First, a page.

Which fruit ripen after they are picked - and why?
For the lowdown on ripening, I called the postharvest information center at the University of California, Davis (postharvest.ucdavis.edu) and the California Tree Fruit Agreement (eatcaliforniafruit.com).
Ripening, I learned, is a complex process involving three changes in fruit: Starch is converted to sugar; acidity levels decrease, and the cell walls of the fruit begin to break down, making the fruit soften. Not every fruit experiences all these changes, but all of them experience at least one.
Climacteric fruit ripen after they are picked; nonclimacteric fruit do not. Nonclimacteric fruit include pineapples, cherries, grapes, citrus fruit, berries and watermelon. If they are not picked ripe, they never will ripen.
Climacteric fruit are themselves divided into two subcategories - those that get sweeter as they ripen and those that do not. What makes the difference is the presence, or absence, of starch reserves.
When a climacteric fruit with starch reserves ripens, the starches are converted into soluble sugars (sucrose, fructose and/or glucose), and the fruit gets sweeter. A climacteric fruit that has no starch reserves will pretty much only soften.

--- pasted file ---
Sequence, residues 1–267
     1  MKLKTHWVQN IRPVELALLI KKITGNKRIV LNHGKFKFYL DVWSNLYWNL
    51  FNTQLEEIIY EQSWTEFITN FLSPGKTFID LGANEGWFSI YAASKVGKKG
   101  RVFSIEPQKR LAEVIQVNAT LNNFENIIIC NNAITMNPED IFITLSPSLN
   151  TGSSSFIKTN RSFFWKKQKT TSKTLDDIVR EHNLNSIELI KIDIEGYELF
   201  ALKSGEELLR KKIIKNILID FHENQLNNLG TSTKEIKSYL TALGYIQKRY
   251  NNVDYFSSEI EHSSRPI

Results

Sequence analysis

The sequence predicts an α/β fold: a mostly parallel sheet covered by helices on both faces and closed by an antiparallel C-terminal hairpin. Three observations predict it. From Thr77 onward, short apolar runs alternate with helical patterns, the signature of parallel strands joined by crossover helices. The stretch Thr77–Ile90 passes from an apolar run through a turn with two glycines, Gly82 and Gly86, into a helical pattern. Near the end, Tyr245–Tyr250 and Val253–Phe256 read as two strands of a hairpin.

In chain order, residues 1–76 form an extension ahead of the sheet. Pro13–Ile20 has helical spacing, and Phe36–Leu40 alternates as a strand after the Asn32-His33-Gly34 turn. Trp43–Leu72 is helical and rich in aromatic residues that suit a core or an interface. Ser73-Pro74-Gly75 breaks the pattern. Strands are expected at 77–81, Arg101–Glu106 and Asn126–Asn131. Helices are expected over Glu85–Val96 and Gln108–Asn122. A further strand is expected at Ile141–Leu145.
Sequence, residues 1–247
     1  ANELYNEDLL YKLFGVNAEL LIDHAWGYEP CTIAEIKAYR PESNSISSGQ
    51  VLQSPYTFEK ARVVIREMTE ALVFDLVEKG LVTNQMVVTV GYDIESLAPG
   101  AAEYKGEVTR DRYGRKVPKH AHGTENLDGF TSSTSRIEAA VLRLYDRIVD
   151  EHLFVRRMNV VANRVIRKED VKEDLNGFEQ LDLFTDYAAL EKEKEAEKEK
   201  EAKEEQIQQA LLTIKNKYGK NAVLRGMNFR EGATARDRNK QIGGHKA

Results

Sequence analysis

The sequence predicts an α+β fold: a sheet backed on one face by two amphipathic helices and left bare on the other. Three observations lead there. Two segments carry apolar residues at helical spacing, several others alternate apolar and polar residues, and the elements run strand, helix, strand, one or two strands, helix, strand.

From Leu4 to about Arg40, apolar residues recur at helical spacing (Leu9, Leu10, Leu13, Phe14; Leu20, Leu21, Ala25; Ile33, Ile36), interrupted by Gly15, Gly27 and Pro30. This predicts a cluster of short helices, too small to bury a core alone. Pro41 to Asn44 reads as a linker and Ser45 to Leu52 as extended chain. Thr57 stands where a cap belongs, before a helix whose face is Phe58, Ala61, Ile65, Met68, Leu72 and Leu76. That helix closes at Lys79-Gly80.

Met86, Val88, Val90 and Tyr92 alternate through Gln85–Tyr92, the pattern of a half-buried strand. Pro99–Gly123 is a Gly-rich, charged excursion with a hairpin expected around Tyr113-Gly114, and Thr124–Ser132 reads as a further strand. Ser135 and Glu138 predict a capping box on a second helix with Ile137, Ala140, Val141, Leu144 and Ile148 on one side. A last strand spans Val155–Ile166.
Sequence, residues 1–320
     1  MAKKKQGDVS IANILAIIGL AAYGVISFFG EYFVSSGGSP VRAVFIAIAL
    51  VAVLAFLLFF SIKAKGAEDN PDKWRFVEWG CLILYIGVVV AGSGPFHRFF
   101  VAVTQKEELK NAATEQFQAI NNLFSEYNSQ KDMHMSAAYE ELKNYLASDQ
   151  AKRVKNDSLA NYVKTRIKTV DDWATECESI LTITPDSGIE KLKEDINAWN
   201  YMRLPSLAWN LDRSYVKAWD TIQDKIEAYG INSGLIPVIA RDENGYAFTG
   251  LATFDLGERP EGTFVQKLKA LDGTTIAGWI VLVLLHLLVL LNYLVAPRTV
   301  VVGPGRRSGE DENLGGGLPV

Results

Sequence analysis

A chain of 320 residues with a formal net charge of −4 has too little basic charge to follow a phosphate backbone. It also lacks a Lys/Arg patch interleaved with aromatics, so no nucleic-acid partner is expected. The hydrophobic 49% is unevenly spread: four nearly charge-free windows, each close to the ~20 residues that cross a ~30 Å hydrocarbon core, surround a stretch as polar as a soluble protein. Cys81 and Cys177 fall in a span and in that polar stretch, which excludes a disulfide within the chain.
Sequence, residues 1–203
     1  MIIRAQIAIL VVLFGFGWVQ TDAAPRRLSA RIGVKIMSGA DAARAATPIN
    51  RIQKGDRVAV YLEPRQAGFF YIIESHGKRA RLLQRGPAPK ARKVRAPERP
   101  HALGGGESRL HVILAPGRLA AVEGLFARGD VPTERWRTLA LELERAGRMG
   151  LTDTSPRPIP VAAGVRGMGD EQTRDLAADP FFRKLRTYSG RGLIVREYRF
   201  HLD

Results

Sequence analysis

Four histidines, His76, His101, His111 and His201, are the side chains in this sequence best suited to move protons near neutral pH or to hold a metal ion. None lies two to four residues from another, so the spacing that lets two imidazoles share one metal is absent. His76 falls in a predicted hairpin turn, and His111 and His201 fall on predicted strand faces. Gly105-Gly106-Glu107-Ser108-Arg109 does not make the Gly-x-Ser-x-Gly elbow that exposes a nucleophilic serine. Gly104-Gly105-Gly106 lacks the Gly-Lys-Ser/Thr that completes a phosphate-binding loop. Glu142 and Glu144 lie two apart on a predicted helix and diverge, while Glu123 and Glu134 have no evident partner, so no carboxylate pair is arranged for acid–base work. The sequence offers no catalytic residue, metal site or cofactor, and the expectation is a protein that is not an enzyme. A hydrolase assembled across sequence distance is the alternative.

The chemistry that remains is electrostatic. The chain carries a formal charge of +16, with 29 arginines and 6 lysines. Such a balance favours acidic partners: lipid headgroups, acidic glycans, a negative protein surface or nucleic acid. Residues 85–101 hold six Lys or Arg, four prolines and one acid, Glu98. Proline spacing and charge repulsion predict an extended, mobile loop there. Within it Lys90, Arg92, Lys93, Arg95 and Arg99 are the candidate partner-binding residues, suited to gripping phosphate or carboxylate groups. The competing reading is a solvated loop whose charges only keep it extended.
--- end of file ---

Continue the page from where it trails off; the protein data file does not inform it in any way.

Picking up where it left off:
We are all familiar with fruit that get sweeter as they ripen on the counter: bananas, pears, kiwis and mangoes are the most common.
The prima donnas of the fruit world are those that soften after they are picked but do not become appreciably sweeter. In this group are peaches, nectarines, cantaloupe and honeydew. The moment they are separated from the tree, they are at their maximum sugar level.
Erica Marcus writes for Newsday.